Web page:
Search for lost trekkers near Annapurna fails
The four Koreans and two Nepali guides were lost in the Deurali area - around 3,230 meters (10,597 feet) above sea level - on the Annapurna trekking circuit after an avalanche at around 10:30 a.m. to 11:00 a.m. in Nepal, according to the ministry.
The South Chungcheong Office of Education said the Korean victims - two men and two women whose ages range from 37 to 59 - were volunteer teachers who were on a two-week community service mission from Jan. 13 to 25 in Kathmandu, Nepal, along with seven others. They were 11 teachers from different elementary and middle schools in South Chungcheong who worked with children in local schools in Kathmandu.
Nine of the teachers in the group chose to spend Friday and the weekend trekking near the base camp of the well-known Mount Annapurna, said an office spokesperson.
The trekkers had nearly reached Deurali when bad weather conditions forced them to turn back. The six victims were heading down the mountain first, followed by the other five teachers and their guides, when an avalanche suddenly swept away the vanguard. After witnessing the accident, the Sherpas guiding the other five teachers led the rest back to a nearby safe place, according to the spokesperson.
A Korean Foreign Ministry official said Nepali authorities mounted a search party on Saturday that included a helicopter and a police rescue team to scour the area on Saturday but were unable to find the victims due to heavy snowfall that began that afternoon.
The Korean Embassy in Nepal dispatched a consular officer from Kathmandu to Pokhara, a city located around 200 kilometers (124 miles) from the accident site. Yet four to five meters of snow covered the search area as a result of the heavy snow, and the possibility of another avalanche hampered search efforts, the official added.
Annapurna is the world’s 10th-highest peak and is one of the most dangerous mountains in the world to climb, though the conservation area surrounding the mountain is the most popular destination for foreign trekkers in Nepal. In 2014, a snowstorm led to 43 deaths on and around Annapurna, becoming the worst climbing disaster in the country’s history.
The group that met the accident on Friday was the third and final group of 39 teachers sent by the South Chungcheong Office of Education to Nepal this year as part of a regular community service project conducted since 2012. Korean teachers help build schools and donate school materials and clothing to local children.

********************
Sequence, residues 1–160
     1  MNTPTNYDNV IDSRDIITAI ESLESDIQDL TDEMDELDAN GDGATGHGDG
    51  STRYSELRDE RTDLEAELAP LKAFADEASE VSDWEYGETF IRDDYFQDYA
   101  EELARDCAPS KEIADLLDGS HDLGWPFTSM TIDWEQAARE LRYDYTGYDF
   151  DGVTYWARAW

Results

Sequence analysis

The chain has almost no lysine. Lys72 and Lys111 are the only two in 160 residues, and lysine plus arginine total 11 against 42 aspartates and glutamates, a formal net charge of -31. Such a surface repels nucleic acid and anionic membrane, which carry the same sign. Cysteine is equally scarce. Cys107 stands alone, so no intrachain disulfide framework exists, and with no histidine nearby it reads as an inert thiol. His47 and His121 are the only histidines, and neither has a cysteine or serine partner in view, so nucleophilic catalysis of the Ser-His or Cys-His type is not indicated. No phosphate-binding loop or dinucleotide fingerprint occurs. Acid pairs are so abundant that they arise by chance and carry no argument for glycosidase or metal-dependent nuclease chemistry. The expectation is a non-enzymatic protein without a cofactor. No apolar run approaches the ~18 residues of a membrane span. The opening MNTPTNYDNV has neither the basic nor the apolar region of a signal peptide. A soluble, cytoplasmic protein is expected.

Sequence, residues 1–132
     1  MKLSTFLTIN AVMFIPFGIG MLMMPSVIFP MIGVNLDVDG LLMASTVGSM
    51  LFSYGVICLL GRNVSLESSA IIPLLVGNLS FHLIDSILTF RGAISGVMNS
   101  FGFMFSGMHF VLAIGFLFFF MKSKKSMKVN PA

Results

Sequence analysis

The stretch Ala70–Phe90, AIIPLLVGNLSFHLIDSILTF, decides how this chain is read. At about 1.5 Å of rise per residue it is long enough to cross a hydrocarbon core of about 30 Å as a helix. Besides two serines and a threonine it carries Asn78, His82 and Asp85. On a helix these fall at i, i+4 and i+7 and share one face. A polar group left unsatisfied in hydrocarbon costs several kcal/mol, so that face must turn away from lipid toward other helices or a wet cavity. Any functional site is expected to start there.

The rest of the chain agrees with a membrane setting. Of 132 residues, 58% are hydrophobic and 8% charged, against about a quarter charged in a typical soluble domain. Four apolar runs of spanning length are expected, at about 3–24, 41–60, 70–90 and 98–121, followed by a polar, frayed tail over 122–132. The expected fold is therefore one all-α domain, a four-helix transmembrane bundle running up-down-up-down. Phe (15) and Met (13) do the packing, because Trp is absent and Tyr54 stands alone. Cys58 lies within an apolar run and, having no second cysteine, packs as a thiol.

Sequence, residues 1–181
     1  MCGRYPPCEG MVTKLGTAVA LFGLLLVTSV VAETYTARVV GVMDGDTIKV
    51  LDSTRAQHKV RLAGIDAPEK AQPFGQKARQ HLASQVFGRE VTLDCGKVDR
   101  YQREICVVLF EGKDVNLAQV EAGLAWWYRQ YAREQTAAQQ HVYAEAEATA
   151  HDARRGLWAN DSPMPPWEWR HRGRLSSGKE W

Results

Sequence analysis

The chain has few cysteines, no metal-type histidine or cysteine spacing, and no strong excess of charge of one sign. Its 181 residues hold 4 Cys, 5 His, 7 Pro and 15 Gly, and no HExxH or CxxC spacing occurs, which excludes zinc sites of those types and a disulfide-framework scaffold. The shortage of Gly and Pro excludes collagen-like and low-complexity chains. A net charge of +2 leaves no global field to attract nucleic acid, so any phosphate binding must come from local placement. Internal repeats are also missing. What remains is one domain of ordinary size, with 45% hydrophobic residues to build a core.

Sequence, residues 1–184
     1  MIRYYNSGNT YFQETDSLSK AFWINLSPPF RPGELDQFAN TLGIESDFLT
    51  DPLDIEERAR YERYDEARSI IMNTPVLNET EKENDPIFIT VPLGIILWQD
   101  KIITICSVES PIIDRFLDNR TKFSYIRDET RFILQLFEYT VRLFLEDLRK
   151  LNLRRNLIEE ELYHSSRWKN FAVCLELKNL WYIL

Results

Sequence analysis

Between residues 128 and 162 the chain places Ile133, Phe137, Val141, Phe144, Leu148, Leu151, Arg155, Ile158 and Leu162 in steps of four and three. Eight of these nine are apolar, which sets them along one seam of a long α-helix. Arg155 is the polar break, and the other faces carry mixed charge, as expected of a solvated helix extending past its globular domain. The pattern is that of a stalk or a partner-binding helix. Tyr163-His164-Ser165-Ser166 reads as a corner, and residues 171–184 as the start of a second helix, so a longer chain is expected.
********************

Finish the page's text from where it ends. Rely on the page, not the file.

The teachers who were part of a preceding group who stayed in Nepal from Jan. 6 to 17, returned to Seoul on Sunday.
“We had no idea that the [area we hiked in] was accident-prone, since it was a path that regular elementary school teachers could hike in,” said a returning member of the mission, who said her group also undertook the Annapurna trek without any problem. “All the teachers [who took part] are in shock.”
The Ministry of Foreign Affairs said two of its officials would be leaving for Nepal on Sunday to support the search. The South Chungcheong Education Office sent two of its own officials, along with six family members of the victims, to Kathmandu on early Saturday morning.
Korean President Moon Jae-in also posted a message of support and condolence on social media on Sunday, saying he hoped for a swift rescue of the missing teachers and guides and that the government would provide all necessary support in coordination with Nepali authorities.
Friday’s accident marks the second time Koreans have been victims of a mountaineering accident in Nepal over the past two years. In October 2018, five Korean climbers and four Nepali guides were killed by a snowstorm on Mount Gurja in the deadliest accident in Nepal’s alpine industry since 2015.
BY SHIM KYU-SEOK [firstname.lastname@example.org]
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